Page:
India’s space agency is set to launch its homegrown Chandrayaan-3 moon mission from the southeastern island of Sriharikota, at the Satish Dhawan Space Centre on July 14 at 2:35pm local time (09:05 GMT).
Built on a budget of just under $75m, Chandrayaan – “moon vehicle” in Sanskrit – will attempt to land a rover on the moon and establish India as a formidable force in space exploration.
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A 43.5-metre (143-feet) Launch Vehicle Mark-III, or LVM3, launch rocket will blast the spacecraft into an elliptical Earth orbit before it loops towards the moon for a scheduled landing near the moon’s south pole around August 23.
If successful, Chandrayaan-3 will make India the fourth nation to successfully land a spacecraft on the moon, joining the Soviet Union, the United States and China.
What are the mission’s objectives?
The mission has three main objectives:
- First, it must achieve a safe and soft landing on the moon.
- Second, its Pragyan rover should be able to move around on the lunar surface.
- Third, it should conduct scientific observations, focusing on the moon’s composition.
The six-wheeled Pragyan rover will have two payloads – two spectrometers will attempt to find materials from the ancient lunar crust.
In addition, one payload, the Spectro-polarimetry of Habitable Planet Earth (SHAPE), will measure spectral and polarimetric radiation and understand what signatures of habitable Earth-like planets could look like.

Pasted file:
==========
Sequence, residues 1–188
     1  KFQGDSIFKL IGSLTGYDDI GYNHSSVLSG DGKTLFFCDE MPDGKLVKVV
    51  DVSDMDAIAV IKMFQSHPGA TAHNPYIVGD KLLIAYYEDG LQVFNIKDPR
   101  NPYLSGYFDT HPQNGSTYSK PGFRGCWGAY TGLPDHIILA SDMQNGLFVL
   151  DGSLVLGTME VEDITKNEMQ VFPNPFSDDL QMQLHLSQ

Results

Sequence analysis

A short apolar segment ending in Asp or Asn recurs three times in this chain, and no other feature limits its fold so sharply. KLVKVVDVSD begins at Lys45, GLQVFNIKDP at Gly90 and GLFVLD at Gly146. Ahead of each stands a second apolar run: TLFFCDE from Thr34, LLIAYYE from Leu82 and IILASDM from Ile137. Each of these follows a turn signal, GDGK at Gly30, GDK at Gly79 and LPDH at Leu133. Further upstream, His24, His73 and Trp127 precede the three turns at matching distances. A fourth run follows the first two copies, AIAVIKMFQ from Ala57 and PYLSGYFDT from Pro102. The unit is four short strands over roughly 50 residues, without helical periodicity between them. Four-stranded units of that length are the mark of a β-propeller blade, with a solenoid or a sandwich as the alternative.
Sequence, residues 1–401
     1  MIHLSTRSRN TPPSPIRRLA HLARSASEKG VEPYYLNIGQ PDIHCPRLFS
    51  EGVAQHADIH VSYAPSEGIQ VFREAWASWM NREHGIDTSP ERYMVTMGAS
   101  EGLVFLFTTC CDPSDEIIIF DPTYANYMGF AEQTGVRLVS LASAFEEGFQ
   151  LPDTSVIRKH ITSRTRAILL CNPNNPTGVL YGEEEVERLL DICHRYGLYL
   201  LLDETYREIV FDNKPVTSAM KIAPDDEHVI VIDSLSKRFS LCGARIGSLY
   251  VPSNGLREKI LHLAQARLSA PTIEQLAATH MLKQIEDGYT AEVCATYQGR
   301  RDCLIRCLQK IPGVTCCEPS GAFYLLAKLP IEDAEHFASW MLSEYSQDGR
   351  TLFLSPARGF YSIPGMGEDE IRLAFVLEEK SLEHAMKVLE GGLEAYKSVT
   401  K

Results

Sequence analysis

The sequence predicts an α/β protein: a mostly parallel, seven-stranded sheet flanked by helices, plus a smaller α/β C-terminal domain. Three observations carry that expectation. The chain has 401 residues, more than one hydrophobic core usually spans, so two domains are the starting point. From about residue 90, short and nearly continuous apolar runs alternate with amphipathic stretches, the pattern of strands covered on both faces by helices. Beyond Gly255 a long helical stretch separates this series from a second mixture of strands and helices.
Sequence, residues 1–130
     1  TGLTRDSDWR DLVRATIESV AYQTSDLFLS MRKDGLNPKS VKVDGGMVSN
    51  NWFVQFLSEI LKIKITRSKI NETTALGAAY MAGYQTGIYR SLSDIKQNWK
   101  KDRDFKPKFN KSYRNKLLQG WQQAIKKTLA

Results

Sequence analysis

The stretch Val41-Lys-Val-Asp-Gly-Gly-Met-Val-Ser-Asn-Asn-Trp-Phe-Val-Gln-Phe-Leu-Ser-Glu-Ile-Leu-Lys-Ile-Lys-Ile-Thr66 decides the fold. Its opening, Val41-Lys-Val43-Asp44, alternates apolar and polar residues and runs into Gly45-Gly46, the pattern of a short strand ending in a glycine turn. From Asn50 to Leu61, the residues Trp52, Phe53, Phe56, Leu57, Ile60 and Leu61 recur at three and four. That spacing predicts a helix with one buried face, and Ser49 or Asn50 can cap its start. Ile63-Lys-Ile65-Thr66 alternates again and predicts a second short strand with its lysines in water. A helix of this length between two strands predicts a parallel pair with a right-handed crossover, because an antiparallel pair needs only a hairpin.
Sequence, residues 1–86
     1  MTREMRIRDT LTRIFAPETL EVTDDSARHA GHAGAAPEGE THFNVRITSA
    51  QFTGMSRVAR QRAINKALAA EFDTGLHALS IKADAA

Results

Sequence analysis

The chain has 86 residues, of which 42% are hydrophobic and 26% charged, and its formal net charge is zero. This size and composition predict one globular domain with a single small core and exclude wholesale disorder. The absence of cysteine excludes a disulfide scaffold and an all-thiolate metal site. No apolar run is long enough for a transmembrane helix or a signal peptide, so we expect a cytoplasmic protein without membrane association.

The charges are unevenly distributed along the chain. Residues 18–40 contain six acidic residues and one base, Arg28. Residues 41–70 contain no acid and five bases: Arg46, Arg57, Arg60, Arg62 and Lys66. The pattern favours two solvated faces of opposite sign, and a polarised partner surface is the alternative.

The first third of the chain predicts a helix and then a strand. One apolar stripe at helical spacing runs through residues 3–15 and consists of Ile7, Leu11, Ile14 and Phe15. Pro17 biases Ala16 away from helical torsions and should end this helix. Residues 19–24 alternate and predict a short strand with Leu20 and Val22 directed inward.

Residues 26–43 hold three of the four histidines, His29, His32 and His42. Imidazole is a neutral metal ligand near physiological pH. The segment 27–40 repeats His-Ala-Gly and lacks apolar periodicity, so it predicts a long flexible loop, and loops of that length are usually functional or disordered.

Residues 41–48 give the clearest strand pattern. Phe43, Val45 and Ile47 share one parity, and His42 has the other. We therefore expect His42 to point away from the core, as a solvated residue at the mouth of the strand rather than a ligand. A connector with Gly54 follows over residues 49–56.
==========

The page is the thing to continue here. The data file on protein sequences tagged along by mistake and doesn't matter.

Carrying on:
The mission life for the rover and lander is scheduled to be about one lunar day (roughly 14 Earth days).
— ISRO (@isro) July 5, 2023
Since 1958, there have been 70 successful and partially successful missions by six nations to the moon — though many of them have orbited Earth’s only satellite without landing. A further 41 flights were not successful, according to NASA’s archive.
During the 1950s, 1960s and 1970s, the United States and USSR were the only countries that attempted missions to the moon. Between them, the two Cold War rivals attempted at least 90 moon missions, 40 of which were unsuccessful.
During the 1980s, no lunar missions were launched.
In 1990, Japan joined the space race with its Hiten Orbiter. In the 2000s, China, India and the European Space Agency launched their first successful orbital missions to the moon.
In 2019, India’s Chandrayaan-2 mission successfully deployed an orbiter but lost contact with its lander and crash-landed near where Chandrayaan-3 will attempt a touchdown.
Where can you watch the launch?
The Indian Space Research Organisation (ISRO), will be live streaming the event on its YouTube page. The coverage is expected to start about an hour before liftoff.